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The Great Gatsby – F. Scott Fitzgerald

January 20, 2009

My book group decided to go with a classic for our January meeting and chose The Great Gatsby. I have never actually read this book, so I was anxious to dive in and see what the hype was about.

This book tells the tale of the youthful Nick Carraway and his colorful and mysterious neighbor, Jay Gatsby and his lavish lifesyle on Long Island’s West Egg in America’s Jazz Age.

Gatsby is wealthy and famous for the lavish parties he throws every Saturday night. However, no one knows where he comes from, what he does, or how he made his fortune. Carraway, the narrator, is a young man from Minnesota who, after being educated at Yale and fighting in World War I, goes to New York City to learn the bond business. Honest, tolerant, and inclined to reserve judgment, Nick often serves as a confidant for those with troubling secrets.

On the surface, The Great Gatsby is a story of the thwarted love between a man and a woman. The main theme of the novel, however, encompasses a much larger, less romantic scope. Though all of its action takes place over a mere few months during the summer of 1922 and is set in a circumscribed geographical area in the vicinity of Long Island, New York, The Great Gatsby is a highly symbolic meditation on 1920s America as a whole, in particular the disintegration of the American dream in an era of unprecedented prosperity and material excess.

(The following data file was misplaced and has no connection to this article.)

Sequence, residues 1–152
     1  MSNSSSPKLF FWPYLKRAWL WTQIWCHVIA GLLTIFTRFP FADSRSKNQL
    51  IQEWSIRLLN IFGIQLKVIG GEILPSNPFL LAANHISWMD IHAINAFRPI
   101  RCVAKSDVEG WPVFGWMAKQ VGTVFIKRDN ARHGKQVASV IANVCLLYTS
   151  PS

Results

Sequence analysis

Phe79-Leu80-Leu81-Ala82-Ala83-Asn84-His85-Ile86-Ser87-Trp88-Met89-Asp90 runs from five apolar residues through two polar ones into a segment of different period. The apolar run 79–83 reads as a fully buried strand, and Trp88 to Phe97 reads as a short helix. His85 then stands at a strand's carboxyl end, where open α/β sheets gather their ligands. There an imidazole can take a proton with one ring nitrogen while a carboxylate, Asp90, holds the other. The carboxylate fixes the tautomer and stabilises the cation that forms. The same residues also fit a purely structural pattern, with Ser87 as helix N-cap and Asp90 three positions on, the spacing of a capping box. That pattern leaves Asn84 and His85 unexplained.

I am really glad I finally read this novel. I always make a point to try to read as many of the classics as I can. So, it was a real treat to live in Gatsb’s work for a few weeks.

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